Charles Bibilos of GMAT Ninja stresses that his students do better when they stop thinking about the GMAT as math and start thinking about it as quantitative reasoning. At school, he notes, math is taught as a series of memorized, mechanical steps—this is not an approach that the GMAT rewards.

I spoke to my former GMAT quant teacher and colleague, Shimon Goldchmit, to get his take on how to approach the quant section of the GMAT. Shimon has taught GMAT prep for over a decade and, like all good GMAT prep teachers, he has spent a lot of time thinking about the nuances of the test.

Shimon thinks you need four different components that work in concert to get you your best score.

**Step One: Math revision**

The first piece of the puzzle is an underlying grasp of basic math. This is the foundation on which the rest of your preparation is built. The GMAT assumes that everyone will have an equal basic knowledge of math. This is the raw material you can manipulate to get to the right answers. If you don’t have this basic knowledge, you will need to revise what you covered in school.

Don’t get too wrapped up in the math and ignore strategy. This basic foundation—in topics like equations and number properties—is necessary but not sufficient for the GMAT. You don’t need to have full grasp math like when they were at school. Excessive focus on basic math skills could lead a student in the wrong direction.

**Step Two: Get acquainted with the GMAT**

The second part of your approach involves getting acquainted with the format and rules of the GMAT. This comes down to understanding how the test is built to test your quantitative reasoning abilities. Unlike school math tests, it's not necessary to show how you worked out your answer. This allows for different approaches.

Most people can solve GMAT quant questions with time-consuming mathematical solutions, but the time pressure of the GMAT rewards simple logic, strategy, and connection-making. This is one of the reasons why no calculators are allowed. The object of the time constraint is not to increase your speed at complex math, but to fundamentally change your approach to the question.

You also need to familiarize yourself with the question types and tone to make sure you are answering the question being asked. There are two question types in the quantitative section—Problem Solving questions and Data Sufficiency questions.

Problem Solving Questions maintain the format you would expect from a multiple-choice math test: a question and five alternatives. But keep in mind that alternatives could be part of your strategy to solve the questions in a simpler way!

Data Sufficiency questions are unique to the GMAT. They consist of a question and then two statements. You need to work out whether the statements (together or on their own) are sufficient to answer the question, or not. Get familiar with this question type and memorize the answer choice options:

(A) Statement 1 alone is sufficient, but statement 2 alone is not sufficient to answer the question.

(B) Statement 2 alone is sufficient, but statement 1 alone is not sufficient to answer the question.

(C) Both statements taken together are sufficient to answer the question, but neither statement alone is sufficient.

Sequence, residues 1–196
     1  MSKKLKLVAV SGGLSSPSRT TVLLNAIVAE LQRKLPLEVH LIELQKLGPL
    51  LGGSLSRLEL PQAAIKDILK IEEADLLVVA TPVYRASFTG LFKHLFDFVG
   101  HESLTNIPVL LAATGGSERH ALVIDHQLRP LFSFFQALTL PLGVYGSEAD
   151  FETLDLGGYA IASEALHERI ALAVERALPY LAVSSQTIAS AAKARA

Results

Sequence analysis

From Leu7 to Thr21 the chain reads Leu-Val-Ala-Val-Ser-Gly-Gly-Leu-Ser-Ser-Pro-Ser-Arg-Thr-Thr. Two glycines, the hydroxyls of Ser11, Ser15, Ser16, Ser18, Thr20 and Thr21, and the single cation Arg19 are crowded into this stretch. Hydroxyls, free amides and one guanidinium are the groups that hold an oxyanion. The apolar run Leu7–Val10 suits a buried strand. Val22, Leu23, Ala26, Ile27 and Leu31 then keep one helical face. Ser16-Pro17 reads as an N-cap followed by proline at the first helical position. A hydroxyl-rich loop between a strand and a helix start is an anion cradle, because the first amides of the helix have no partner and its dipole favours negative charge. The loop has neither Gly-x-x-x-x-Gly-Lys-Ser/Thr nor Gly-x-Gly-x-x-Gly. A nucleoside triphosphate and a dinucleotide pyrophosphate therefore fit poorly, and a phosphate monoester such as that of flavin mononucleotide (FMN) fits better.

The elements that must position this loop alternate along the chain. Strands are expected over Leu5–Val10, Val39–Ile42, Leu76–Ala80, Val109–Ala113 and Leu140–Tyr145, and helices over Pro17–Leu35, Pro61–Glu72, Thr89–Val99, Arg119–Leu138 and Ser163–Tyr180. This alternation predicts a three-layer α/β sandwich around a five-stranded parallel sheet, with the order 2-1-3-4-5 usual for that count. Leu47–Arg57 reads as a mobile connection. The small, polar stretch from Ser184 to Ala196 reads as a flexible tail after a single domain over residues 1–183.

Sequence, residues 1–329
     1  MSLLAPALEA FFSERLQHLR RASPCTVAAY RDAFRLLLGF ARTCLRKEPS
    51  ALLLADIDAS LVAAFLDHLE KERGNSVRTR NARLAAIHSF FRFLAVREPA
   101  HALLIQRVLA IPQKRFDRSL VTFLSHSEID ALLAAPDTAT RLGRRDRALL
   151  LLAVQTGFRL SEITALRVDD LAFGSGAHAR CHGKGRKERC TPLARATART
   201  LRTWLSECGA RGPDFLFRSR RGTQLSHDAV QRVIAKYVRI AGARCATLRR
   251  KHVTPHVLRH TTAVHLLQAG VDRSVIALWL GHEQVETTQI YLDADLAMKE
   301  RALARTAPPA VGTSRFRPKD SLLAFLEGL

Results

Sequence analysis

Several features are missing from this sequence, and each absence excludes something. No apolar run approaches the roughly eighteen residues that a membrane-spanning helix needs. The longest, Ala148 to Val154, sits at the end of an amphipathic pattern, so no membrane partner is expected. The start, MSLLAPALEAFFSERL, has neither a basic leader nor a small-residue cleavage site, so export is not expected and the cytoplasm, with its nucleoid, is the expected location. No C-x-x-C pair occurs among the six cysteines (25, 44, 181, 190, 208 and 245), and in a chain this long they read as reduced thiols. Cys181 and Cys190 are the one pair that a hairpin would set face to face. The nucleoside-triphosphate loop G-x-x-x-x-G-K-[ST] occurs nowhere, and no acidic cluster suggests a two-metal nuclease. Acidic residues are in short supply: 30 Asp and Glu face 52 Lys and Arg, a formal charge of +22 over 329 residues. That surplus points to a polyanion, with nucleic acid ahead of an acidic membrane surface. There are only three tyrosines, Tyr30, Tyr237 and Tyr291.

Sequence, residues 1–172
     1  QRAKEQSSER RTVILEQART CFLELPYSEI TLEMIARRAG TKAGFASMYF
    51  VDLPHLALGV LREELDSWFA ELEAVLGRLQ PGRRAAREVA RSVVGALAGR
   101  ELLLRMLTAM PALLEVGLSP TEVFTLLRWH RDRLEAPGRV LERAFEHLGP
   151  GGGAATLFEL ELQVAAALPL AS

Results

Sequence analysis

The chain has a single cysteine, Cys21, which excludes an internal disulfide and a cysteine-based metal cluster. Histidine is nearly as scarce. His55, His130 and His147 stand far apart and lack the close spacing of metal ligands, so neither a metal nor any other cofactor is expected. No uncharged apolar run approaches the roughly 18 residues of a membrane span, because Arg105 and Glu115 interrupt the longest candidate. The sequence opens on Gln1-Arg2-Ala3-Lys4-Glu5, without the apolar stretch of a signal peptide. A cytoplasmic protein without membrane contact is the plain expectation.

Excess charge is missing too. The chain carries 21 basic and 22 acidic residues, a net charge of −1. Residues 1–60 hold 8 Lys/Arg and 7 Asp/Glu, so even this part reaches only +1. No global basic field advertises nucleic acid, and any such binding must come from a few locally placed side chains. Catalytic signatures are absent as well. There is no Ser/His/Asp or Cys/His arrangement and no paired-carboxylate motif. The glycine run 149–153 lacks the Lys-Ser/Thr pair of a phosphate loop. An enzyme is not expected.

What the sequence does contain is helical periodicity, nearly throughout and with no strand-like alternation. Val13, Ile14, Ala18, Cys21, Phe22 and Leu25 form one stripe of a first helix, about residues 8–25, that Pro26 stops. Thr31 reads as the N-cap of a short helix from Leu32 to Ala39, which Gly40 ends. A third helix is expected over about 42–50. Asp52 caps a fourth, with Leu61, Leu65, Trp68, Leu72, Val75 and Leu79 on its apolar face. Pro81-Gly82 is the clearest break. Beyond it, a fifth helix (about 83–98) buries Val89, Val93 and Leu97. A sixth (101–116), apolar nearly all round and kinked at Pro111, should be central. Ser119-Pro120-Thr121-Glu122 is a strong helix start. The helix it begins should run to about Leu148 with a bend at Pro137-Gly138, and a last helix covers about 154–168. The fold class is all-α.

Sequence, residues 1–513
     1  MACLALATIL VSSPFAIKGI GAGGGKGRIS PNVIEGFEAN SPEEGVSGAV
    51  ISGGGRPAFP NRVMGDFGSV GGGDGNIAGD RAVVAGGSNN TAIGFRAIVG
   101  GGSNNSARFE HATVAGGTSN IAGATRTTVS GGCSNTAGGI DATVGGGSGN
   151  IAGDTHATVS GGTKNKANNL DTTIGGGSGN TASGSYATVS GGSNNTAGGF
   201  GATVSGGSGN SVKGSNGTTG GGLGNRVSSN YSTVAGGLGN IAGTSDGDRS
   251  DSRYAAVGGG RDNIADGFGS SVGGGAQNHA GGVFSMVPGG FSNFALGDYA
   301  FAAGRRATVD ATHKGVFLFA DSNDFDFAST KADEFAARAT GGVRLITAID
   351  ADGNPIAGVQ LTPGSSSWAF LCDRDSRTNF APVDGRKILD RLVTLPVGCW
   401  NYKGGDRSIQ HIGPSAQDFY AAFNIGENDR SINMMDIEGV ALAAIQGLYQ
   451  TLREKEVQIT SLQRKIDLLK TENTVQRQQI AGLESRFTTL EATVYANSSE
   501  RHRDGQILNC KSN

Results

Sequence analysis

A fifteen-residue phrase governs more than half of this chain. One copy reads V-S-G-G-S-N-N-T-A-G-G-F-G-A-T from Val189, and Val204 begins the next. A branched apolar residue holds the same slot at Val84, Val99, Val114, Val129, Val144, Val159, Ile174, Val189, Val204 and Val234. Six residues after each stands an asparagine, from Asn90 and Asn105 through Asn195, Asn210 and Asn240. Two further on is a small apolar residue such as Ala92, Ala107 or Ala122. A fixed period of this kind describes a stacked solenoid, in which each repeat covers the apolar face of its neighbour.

(D) Each statement alone is sufficient.

(E) Statements 1 and 2 together are not sufficient, and additional data is needed to answer the question.

**Step Three: Tools and Strategies**

The third component of your approach is familiarity with specific tools and strategies that you can use. This includes learning strategies for approaching different types of questions; strategies like back-solving, plugging in numbers and estimating. You will also need to work on improving your mental math abilities: you should know your times tables and decimal table off by heart.

Practice will get you used to the different types of questions and the kinds of concepts tested, as well as to matching the most efficient strategies to different types of problems.

**Step Four: Timed Training**

The last piece of the puzzle is timed training. Here, you have to get your basic math foundation, your understanding of the test, and your tools and strategies to work, together under time pressure. "It’s like when you learn to drive—you learn about the clutch, the steering, the signaling. Then, when you are driving in the street, everything must come together," says Shimon.

While you were learning the concepts, you would have been conscious of time but not been too strict about it. Now, you will want to do full-length practice tests to get an accurate reflection of your score. Your mind responds differently when you are under time-pressure, and you have to get used to that.

The GMAT is a computer-adaptive test: this means it gets easier if you get questions wrong and harder if you get questions right. The level of difficulty influences your final score. Until you do full length tests with this algorithm, it is very hard to know where you stand.

Don’t underestimate this phase of preparation. Ideally (and in general), you should spend about a month on time training. You’ll also want to go into the actual test with a good timing strategy.

The math concepts tested are not advanced, but the GMAT is not testing your knowledge. It is testing your skill. Like every part of the GMAT, practice is key to building your problem-solving skillset and maximizing your score.

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